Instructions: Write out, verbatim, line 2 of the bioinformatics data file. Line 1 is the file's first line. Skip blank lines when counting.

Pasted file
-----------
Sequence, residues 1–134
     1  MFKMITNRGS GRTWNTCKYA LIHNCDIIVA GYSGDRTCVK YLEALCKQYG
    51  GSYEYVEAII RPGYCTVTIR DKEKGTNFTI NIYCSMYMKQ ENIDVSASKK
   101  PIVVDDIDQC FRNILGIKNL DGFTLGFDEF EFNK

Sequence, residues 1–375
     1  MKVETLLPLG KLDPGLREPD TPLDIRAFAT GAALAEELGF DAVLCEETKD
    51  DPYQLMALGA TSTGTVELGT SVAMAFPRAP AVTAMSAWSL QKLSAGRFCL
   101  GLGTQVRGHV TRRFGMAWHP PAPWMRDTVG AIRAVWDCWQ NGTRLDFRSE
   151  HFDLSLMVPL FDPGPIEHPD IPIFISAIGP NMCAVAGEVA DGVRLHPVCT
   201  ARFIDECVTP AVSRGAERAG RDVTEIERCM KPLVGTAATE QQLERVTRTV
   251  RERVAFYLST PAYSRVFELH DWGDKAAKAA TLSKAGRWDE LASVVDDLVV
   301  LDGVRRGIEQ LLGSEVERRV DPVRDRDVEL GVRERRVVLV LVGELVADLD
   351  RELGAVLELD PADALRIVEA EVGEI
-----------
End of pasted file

     1  MFKMITNRGS GRTWNTCKYA LIHNCDIIVA GYSGDRTCVK YLEALCKQYG